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As a treatment for mood disorders, psychedelics-inspired medicine isn’t quite in the mainstream yet. Undoubtedly, Compass Pathways (NASDAQ:CMPS) and CMPS stock holders would like to see more progress in this area.

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It won’t be a quick or easy path to full decriminalization. Psilocybin, an active ingredient in what some folks might informally call “magic mushrooms,” is still considered a controlled substance in the U.S.

Yet, Compass Pathways is boldly pursuing research into psilocybin’s potential as a treatment for mental health disorders, including major depressive disorder.

And while psilocybin is still technically illegal on a federal level in the U.S., regulators should eventually acknowledge current research that favors psilocybin as a viable alternative to conventional treatments.

A Closer Look at CMPS Stock

The initial public offering (IPO) for CMPS stock took place in mid-September, so we must concede that this isn’t a stock with a lengthy history.

So far, it seems that the trading community hasn’t made a firm decision on the stock. Mostly, it has just gone sideways.

There were a couple of nice price pops in there, though. For instance (or two), CMPS stock jumped to the $60 level in December and then again in February.

Unfortunately, however, those spikes were short-lived. The share price keeps coming back to the $35 area, and now in mid-May, it’s still there.

Still, the long-term outlook could still be bullish for CMPS stock. After all, a major catalyst — such as a regulatory approval — could send the share price soaring.

Illegal, Yet Encouraged

As I hinted at earlier, Compass specializes in investigating the effectiveness of psilocybin therapy in treatment-resistant depression.

The company’s synthesized formulation of psilocybin is known as COMP360. In North America and Europe, Compass Pathways is running a Phase IIb study of the use of psilocybin therapy for treatment-resistant depression.

Again, psilocybin is federally considered illegal in the U.S. Yet, the U.S. Food and Drug Administration (FDA) granted Compass Pathways Breakthrough Therapy designation for psilocybin therapy for treatment-resistant depression.

Plus, the U.S. Patent and Trademark Office recently approved two patents for the company’s psilocybin-enhanced treatments.

So somehow, psilocybin as a mental health disorder treatment is both illegal and encouraged in the U.S.

This is just another sign of America’s growing pains as it grapples with the mainstreaming of unconventional medicine.

We’re seeing this with cannabis, as well. Eventually, I expect that Washington will make up its mind. And when it does, Compass Pathways will have the patents and formulations in place to prosper in its niche market.

Research Proves the Point

Regulators tend to move slowly. At the same time, potentially life-changing research much forge ahead.

Case in point: the New England Journal of Medicine recently published an exploratory study suggesting that COMP360 may compare favorably to conventional antidepressant medication escitalopram — sold under the brand names Cipralex and Lexapro — in the treatment of major depressive disorder.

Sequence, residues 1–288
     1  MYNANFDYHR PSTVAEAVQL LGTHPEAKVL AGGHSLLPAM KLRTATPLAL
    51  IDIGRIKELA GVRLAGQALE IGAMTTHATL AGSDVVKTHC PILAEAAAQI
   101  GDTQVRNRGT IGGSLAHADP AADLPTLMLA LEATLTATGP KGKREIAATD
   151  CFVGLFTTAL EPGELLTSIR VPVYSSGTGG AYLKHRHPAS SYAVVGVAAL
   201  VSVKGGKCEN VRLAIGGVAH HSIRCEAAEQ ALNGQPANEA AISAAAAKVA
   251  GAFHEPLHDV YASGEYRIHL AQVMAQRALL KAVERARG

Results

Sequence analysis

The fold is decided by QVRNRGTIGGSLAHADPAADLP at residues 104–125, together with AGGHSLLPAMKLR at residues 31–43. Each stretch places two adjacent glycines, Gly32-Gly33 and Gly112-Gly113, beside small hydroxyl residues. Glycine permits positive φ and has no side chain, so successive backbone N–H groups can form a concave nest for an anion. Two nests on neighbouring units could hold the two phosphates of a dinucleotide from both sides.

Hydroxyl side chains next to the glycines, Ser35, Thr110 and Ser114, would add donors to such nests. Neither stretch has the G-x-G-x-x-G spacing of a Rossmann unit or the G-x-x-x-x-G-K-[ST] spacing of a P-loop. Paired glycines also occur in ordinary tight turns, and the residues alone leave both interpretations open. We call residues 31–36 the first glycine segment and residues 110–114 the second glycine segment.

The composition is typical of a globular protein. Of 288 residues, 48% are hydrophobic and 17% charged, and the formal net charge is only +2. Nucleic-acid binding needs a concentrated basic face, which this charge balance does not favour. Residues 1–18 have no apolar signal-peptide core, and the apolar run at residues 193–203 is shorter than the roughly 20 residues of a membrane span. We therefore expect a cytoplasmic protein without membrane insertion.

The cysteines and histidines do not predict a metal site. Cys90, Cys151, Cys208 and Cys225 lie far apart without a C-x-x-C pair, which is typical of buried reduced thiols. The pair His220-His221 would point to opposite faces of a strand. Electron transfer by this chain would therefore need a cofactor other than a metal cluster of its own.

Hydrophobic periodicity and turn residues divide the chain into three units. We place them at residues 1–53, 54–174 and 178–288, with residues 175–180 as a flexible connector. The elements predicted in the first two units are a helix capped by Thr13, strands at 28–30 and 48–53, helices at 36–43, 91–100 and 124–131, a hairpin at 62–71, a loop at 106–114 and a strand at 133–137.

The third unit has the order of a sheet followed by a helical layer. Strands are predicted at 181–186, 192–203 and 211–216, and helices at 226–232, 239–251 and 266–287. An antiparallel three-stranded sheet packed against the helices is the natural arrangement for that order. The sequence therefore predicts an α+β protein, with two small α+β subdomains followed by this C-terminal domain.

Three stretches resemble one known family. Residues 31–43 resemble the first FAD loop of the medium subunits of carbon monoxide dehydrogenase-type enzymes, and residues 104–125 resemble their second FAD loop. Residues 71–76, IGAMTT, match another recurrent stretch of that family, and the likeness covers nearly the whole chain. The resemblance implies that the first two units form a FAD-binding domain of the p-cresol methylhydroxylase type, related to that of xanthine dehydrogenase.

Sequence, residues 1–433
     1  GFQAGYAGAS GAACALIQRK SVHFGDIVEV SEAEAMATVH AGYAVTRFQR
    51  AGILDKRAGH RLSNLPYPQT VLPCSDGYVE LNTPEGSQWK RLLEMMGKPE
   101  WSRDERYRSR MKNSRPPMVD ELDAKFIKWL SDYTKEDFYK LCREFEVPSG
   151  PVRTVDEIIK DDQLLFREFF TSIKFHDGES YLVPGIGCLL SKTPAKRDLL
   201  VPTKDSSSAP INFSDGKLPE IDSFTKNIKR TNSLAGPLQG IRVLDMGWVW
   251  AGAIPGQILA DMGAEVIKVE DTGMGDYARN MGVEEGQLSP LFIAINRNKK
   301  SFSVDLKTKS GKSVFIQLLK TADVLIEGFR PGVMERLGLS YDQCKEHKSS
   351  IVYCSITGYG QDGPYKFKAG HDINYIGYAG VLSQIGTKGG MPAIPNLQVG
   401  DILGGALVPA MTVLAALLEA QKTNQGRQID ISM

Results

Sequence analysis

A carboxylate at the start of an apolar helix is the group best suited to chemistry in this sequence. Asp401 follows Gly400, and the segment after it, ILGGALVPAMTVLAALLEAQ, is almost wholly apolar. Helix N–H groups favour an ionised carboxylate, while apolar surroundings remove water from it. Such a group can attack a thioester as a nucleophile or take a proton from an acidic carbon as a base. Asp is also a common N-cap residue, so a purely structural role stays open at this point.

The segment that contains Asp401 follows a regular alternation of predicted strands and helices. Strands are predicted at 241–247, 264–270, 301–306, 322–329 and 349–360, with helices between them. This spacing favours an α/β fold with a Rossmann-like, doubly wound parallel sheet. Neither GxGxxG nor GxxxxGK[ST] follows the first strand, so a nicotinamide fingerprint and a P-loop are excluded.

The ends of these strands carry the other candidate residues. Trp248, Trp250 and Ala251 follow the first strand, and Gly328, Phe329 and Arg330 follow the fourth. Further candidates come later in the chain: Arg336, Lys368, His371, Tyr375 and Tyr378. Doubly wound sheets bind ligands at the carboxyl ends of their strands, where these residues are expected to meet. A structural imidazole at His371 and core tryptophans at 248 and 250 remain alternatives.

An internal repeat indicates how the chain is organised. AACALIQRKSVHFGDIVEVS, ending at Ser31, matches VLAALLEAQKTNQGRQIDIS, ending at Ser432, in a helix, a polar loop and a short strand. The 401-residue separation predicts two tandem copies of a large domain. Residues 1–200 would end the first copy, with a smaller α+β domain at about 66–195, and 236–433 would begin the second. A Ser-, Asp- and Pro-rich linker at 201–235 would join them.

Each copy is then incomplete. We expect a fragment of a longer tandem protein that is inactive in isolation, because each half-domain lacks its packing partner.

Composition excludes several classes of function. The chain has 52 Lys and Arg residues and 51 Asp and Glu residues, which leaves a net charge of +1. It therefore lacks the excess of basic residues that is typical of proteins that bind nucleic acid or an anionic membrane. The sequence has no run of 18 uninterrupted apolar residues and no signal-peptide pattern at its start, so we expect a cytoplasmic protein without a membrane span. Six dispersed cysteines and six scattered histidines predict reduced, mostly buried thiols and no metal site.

The study involved 59 participants, and compared a six-week course of escitalopram to Compass Pathways’ COMP360 psilocybin product.

A Quick Inventory of Depressive Symptomatology yielded a two-point difference favoring the psilocybin group versus the escitalopram group. Moreover, this trend favoring psilocybin was present from week one.

Moreover, in terms of secondary outcomes “including clinician-rated depression scales” and other metrics, psilocybin “showed numerical advantages on clinical measures compared with escitalopram.”

On top of that, patterns favoring psilocybin “were found in other secondary endpoints measuring work and social functioning, anxiety, avoidance, anhedonia, and wellbeing.”

To sum it all up, psilocybin looked better than escitalopram on multiple fronts. And thankfully, no serious adverse events were reported during the study.

The Bottom Line

Further research will be the key to unlocking psychedelic medicine’s healing potential in the area of mental disorders.

In the meantime, Compass Pathways will continue to advance COMP360 as a potentially superior treatment to conventional medications.

On the date of publication, David Moadel did not have (either directly or indirectly) any positions in the securities mentioned in this article. The opinions expressed in this article are those of the writer, subject to the Publishing Guidelines.

David Moadel has provided compelling content – and crossed the occasional line – on behalf of Crush the Street, Market Realist, TalkMarkets, Finom Group, Benzinga, and (of course) He also serves as the chief analyst and market researcher for Portfolio Wealth Global and hosts the popular financial YouTube channel Looking at the Markets.